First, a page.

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Bees in my roof

 
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lorrayne



Joined: 17 Dec 2004
Posts: 221
Location: Hampshire
PostPosted: Sun May 18, 14 10:54 am    Post subject: Bees in my roof  Reply with quote    

Should I be worried ? They are swarming around the gable end and disappearing inside ?

Tavascarow



Joined: 06 Aug 2006
Posts: 8407
Location: South Cornwall
PostPosted: Sun May 18, 14 11:58 am    Post subject: Reply with quote    

If they are in the attic space & you use it for storage they might become a pest.
Other than that they won't affect the integrity of your building but, if at a later date you want them removed it will be harder once they are established.
& if you just have them destroyed by a pest company the combs of brood & honey left will ferment & can then be a cause for damp & moulds, or more likely attract another swarm later.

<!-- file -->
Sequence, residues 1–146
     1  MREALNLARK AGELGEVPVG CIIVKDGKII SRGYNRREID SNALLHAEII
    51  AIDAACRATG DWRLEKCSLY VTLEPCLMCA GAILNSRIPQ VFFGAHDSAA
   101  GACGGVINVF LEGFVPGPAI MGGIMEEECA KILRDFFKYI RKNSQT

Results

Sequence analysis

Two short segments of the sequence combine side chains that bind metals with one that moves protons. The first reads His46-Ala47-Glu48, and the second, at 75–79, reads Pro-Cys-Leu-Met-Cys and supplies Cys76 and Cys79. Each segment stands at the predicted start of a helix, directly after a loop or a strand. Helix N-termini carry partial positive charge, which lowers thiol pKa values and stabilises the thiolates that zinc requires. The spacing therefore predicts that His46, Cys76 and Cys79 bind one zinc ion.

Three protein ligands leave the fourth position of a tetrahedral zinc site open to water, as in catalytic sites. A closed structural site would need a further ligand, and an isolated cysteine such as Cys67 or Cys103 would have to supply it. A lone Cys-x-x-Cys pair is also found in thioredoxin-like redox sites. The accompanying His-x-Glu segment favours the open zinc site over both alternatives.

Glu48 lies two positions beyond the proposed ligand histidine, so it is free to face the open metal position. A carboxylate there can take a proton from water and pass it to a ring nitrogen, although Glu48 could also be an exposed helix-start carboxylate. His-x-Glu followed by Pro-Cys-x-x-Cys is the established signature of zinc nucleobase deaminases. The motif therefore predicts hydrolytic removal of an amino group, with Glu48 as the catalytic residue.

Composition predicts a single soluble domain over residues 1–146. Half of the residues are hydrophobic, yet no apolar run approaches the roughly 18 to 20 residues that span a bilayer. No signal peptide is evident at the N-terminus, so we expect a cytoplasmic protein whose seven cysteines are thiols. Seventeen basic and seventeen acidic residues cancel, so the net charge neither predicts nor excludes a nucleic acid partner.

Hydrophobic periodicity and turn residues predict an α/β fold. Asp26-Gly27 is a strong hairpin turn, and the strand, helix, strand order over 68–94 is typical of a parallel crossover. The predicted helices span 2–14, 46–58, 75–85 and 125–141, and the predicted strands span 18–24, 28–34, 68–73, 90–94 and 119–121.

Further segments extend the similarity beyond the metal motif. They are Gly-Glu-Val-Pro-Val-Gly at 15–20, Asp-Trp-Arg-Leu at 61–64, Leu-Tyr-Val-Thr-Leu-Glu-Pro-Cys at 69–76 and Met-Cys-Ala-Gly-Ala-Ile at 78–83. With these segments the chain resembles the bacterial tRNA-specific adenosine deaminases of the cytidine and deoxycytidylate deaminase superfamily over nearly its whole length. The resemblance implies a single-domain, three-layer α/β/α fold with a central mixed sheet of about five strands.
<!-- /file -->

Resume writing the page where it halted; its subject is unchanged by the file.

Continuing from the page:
Also if you need work done on the gable end in the future you might find it hard to find a tradesman who will work near a colony.
Alternatively if they are now only just moving in a competent local beekeeper should be able to remove them safely or at least give a more accurate appraisal than I can over the internet.

onemanband



Joined: 26 Dec 2010
Posts: 1473
Location: NCA90
PostPosted: Sun May 18, 14 1:15 pm    Post subject: Reply with quote    

Thank's Tavascrow - that's a useful and timely post.
Last week I went to do a roof repair (she's only been waiting 2 years ) As I removed the eaves tiles it become apparent there were bees. Other than removing a few tiles I didn't provoke them, but I still got stung. So job will have to wait.
Customer doesn't mind fact there's a bees nest and my work won't block them in.
When will it be safe to return ?

lorrayne



Joined: 17 Dec 2004
Posts: 221
Location: Hampshire
PostPosted: Sun May 18, 14 3:49 pm    Post subject: Reply with quote    

Thank you that's really helpful - we have a small nature reserve about 500 yards from our property and this is owned by the council - one of the councillors is a bee keeper and they have allowed him to install 2 hives, do you think this may have anything to do this?
L

Hairyloon



Joined: 20 Nov 2008
Posts: 15220
Location: Today I are mostly being in Yorkshire.
PostPosted: Sun May 18, 14 4:33 pm    Post subject: Reply with quote    

lorrayne wrote: